Given that this “resolution” was effectuated in connection with an acquisition where the acquired assets appear to be earning less than a third of what was anticipated and the broad releases provided by the Company in connection therewith, in economic substance this transaction likely served principally as a settlement of potential "misrepresentation” or other claims.
No Other Inference Plausible Beyond “Vote-Buying”
The evidence strongly suggests that the Secret August Voting Lock-Up was designed to interfere with the right of Arconic shareholders to vote against management at the Company’s upcoming annual meeting.
The Secret August Voting Lock-Up is a newfangled invention. The original 2014 purchase agreement between Arconic (then Alcoa Inc.) and the Seller did not include a voting agreement. The Seller was free to vote its shares as it deemed appropriate. Since the original purchase, the Seller has not taken any publicly disclosed action to gain control of Arconic. The only evident change is that Elliott established an active public position in the Company’s equity. To be sure, Elliott’s presence might make a voting lock-up more valuable to a Board or management to the extent that either might seek to act in service of individual interests in lieu of those of the corporation, but it has no effect on the value of such an agreement to the Company. And that’s what counts.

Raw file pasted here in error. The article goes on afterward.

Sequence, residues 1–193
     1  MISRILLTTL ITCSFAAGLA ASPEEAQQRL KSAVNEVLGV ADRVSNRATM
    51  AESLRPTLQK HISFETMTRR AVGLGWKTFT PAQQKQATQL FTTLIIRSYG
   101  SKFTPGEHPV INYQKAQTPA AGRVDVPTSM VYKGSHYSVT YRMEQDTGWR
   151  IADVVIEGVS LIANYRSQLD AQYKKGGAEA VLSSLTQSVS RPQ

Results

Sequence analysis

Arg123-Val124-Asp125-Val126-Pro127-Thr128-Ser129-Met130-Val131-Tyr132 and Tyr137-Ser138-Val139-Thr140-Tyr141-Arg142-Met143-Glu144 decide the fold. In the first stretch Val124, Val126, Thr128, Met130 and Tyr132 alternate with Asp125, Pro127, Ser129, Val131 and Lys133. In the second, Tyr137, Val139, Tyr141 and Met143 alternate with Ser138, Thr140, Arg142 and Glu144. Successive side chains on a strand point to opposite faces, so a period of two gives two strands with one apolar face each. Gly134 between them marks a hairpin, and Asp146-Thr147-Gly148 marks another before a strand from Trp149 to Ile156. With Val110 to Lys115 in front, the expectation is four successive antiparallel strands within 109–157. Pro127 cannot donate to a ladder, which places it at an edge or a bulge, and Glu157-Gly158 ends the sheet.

We can think of no rational corporate purpose for any company to trade away potentially valuable claims in exchange for a voting agreement that would serve to entrench a Board and/or management. Legal claims are assets of the Company and, by extension, its shareholders. Here, Arconic traded away economic property of its shareholders related to a garden-variety commercial dispute in order to lock up the Seller’s vote relating to matters of corporate governance. As far as we know, such behavior is unprecedented.